Samuel Johnson and Fiction in the Age of Netflix

Samuel Johnson Breaking Bad #2Naturally, as a millennial college student, one of my best go-to pastimes is watching the occasional episode or two of a show on Netflix. Most, if not all, college students alike can relate to the need for a little downtime, so why not, right?

Browsing through the new shows to watch, I’ve come across a vast array of classic television shows and movies. Great stuff. I’ve discovered the original Twilight Zone (do-do-do-do — do-do-do-do)

in the grandeur of its surreal and hauntingly timeless social commentary. I’ve watched John Wayne — the distinctive, the hero, The Duke and The Legacy — in the WWII classic depicting the D-Day Invasion, The Longest Day. And along my Netflix scrolling, I got in touch with my musical side, choosing Milos Forman’s 1984 drama Amadeus. Among these classics, all of which I enjoyed, I feel that I’ve found, or rather, rediscovered the awe and mystique of a modern classic of a very different genre, in Vince Gilligan’s Breaking Bad. Okay, okay — before you start sharpening your pitchforks and running me off the internet — please give me an ear and a couple of eyeballs on this one.

Breaking Bad is a modern classic and it very well may be a bit misunderstood in this category. The baseline story of Walter White, the sidetracked high school chemistry teacher that turns to cooking meth and drug trafficking to support his cancer treatments is a fascinating story. It takes the viewer through twists, turns and life troubles all tied and mangled together in this difficult life dilemma of Walter’s own making. It’s bad. It’s really bad. I know, I know — I promise — I get it. The show has very strong language, dark and oftentimes very morose themes, sexually uncomfortable content, gruesome, unthinkable violence, and of course the themes that accompany drug abuse at its absolute worst. Need I say more? Believe me, I’m not condoning Breaking Bad or saying that it is a cleaner show than many others on the Netflix spinwheel. What I am saying is that Breaking Bad, even at it’s worst isn’t too bad. It’s difficult plot lines and complicated characters in unthinkable quandaries is timeless and in the classical sense — a classic. Breaking Bad is actually pretty good as it shows the consequences of living badly. It shows Walter and his friend, Jesse’s lives with the above mentioned morally messy predicaments, void of the safety of fixed morals that naturally accompany the good of John Wayne-ish heroes. It is not sugar coated. Where John Wayne comes out on top because of his principled right and good, Walter comes out on the bottom because of his disingenuous wrong and bad. Breaking Bad in all of it’s gutsy awfulness allows the viewer to see that bad behavior, although it sometimes results in short-term rewards, ultimately proves to be damning and destructive.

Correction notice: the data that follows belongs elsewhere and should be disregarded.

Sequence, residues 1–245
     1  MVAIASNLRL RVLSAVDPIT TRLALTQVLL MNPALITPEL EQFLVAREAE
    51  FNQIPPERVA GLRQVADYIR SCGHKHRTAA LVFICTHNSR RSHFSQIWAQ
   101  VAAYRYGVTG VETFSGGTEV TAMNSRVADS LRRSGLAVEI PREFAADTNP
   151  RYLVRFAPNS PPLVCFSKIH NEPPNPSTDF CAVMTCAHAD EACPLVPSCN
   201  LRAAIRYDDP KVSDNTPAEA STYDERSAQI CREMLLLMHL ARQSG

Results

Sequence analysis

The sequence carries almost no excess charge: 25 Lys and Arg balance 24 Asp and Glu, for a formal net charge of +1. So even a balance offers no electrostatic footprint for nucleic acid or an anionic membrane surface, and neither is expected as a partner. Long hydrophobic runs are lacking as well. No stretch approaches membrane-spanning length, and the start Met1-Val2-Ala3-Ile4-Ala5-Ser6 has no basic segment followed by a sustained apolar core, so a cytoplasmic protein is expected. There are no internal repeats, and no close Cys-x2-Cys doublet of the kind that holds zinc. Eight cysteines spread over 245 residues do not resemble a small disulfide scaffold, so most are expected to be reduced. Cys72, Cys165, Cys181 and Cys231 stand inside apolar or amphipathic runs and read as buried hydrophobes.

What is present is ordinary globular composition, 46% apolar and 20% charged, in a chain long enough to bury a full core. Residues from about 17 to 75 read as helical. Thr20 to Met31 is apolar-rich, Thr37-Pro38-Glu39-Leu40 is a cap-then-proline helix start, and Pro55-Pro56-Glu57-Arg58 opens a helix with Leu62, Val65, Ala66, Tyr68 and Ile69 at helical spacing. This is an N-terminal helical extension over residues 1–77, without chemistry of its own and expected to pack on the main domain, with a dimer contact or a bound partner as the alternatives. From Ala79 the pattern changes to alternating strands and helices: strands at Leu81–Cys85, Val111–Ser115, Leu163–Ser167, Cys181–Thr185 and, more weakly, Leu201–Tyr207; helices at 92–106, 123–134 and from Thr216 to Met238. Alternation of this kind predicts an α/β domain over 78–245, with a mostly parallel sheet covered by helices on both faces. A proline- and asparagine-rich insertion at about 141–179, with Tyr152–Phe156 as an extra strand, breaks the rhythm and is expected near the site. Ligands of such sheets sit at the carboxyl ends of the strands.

Breaking Bad is pretty bad. It is. But, on the other hand, it is good in that it shows the stark contrast between the consequences faced by characters in the show that choose dishonesty and deception and those that go about their lives doing what is noble and right. The presence of moral dilemmas and glimpses of upright moral character in the show is what stands out to the viewer — even me, for example.The development of the characters, exhibited through both moral deterioration and moral maturation is what really sells this series to me as a modern classic.